FILE PHOTO: A Chevron gas station sign is shown in Cardiff
JOHANNESBURG - Chevron South Africa’s empowerment consortium, together with partner Glencore, appear to have inched ahead of China Petroleum and Chemical Corporation (Sinopec) in the bidding war for the multibillion-rand acquisition of the local oil company.

This follows the Competition Commission recommending to the Competition Tribunal yesterday the approval, with conditions, of the proposed merger in terms of which Off The Shelf Investments 56 and Glencore propose to acquire Chevron SA for $973million (R13.91billion).

In March this year the tribunal approved a proposed merger involving Chevron SA and Sinopec, China’s largest petroleum refinery owner.

However, Jill Koopman, the policy, government and public affairs manager at Chevron SA, confirmed that despite the prior approval by the tribunal of the Sinopec transaction, Off The Shelf 56 would have first opportunity to close the transaction.

This is because Off The Shelf 56, a broad-based black economic empowerment (B-BBEE) consortium that owns 23percent of Chevron SA with the remaining 2percent held by Chevron SA employees, exercised its pre-emptive right to acquire Chevron SA’s assets.

The remaining 75percent of Chevron SA is owned by Chevron Global Energy, which is controlled by New York Stock Exchange-listed Chevron Corporation.

Chevron SA has a refinery in Cape Town and a lubricants manufacturing plant in Durban, and was also involved in both retail and commercial wholesale marketing and distribution of petroleum products.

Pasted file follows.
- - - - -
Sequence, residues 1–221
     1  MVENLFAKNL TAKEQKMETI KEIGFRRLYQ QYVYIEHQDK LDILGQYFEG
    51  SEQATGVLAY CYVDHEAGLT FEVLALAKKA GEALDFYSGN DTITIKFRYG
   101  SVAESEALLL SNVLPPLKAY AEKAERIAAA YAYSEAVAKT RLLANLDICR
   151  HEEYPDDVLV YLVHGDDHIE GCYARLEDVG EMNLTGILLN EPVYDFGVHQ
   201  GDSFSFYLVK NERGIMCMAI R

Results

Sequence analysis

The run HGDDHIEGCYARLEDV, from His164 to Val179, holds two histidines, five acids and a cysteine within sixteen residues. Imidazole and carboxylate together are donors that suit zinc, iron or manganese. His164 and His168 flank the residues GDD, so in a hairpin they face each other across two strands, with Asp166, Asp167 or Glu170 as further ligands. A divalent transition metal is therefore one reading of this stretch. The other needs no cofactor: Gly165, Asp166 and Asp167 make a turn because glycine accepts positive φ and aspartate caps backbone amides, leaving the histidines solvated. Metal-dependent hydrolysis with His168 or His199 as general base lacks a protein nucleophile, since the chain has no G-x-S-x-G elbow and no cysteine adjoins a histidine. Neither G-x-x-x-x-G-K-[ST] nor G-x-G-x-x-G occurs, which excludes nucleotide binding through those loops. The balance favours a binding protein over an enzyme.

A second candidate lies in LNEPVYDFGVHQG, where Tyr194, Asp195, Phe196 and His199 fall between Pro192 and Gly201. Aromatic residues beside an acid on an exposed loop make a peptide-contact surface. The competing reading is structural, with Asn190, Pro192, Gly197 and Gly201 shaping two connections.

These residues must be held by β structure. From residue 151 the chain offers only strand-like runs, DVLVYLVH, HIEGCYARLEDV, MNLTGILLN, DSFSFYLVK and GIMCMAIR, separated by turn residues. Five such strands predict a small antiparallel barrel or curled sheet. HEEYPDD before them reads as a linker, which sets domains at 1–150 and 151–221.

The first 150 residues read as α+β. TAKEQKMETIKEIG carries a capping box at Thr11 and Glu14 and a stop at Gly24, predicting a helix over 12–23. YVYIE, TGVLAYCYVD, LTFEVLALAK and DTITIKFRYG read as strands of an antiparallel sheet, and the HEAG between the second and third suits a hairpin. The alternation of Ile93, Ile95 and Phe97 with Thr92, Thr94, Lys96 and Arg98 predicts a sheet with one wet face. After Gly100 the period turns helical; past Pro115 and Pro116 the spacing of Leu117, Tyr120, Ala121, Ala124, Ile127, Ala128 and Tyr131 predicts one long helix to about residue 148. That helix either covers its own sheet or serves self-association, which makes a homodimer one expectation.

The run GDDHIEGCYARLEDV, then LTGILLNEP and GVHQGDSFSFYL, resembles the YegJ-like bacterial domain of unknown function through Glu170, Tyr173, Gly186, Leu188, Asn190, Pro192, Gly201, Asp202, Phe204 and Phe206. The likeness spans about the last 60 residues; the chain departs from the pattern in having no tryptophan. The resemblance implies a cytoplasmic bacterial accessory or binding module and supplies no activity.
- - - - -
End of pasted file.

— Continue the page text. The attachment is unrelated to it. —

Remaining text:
It competes in the South African market with other oil companies such as Engen, BP, Shell, Total and Sasol.

The Department of Economic Development raised a number of public interest concerns related to the proposed transaction.

Sipho Ngwema, the head of communications at the commission, said yesterday that the commission found that the proposed Of The Shelf transaction raised public interest concerns in the form of impact on employment, impact on industrial sector or region and the impact on the ability of small businesses to become competitive. Ngwema said the commission had therefore recommended its approval subject to seven conditions.

They include the preservation of jobs post-merger; the continuation of Chevron SA retirees’ medical aid subsidy; and the establishment of a development fund focused on, among other things, the development of small businesses and black-owned businesses.

Other conditions were the continuation of Chevron SA’s branded marketer programme on terms no less favourable to its branded marketers; a funding commitment by Of The Shelf 56 of certain rebranding-related costs post-merger; the maintenance of a certain level of B-BBEE shareholding in Chevron SA post-merger; and a commitment to a significant investment being made to deal with refinery capacity and related matters.

The tribunal imposed 12 conditions on the proposed merger between Chevron SA and Sinopec, some the same as those imposed on Of The Shelf 56.